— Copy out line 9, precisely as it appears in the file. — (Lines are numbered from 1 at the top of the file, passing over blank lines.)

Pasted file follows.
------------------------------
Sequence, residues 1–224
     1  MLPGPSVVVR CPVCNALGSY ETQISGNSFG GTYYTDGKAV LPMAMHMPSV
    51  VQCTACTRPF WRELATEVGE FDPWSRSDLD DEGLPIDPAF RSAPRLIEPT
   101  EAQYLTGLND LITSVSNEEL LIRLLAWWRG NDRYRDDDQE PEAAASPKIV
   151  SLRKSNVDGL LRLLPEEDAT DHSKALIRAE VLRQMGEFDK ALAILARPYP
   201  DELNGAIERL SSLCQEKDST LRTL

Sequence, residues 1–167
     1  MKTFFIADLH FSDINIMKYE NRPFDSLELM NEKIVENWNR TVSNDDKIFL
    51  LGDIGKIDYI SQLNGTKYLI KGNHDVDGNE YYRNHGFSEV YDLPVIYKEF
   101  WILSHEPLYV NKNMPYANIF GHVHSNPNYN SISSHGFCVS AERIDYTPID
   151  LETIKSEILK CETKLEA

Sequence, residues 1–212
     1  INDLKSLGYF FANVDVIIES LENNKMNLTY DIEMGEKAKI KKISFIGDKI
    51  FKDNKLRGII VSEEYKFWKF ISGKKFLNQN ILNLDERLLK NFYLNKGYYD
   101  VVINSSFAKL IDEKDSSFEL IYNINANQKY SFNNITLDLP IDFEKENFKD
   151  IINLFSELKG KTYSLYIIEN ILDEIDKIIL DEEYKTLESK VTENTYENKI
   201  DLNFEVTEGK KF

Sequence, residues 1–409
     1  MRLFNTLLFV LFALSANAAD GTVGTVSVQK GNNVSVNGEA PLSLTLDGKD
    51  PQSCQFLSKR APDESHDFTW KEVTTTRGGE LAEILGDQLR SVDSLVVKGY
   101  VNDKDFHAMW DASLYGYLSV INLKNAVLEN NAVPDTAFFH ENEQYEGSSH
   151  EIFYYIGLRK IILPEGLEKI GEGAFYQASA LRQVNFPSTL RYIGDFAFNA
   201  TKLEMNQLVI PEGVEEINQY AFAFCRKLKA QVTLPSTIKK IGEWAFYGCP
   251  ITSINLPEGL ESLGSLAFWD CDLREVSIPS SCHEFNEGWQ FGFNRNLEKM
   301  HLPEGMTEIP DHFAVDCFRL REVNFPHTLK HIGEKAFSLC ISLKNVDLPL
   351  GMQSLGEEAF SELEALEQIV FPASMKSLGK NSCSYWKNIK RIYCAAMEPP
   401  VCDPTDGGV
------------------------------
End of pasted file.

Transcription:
    51  LGDIGKIDYI SQLNGTKYLI KGNHDVDGNE YYRNHGFSEV YDLPVIYKEF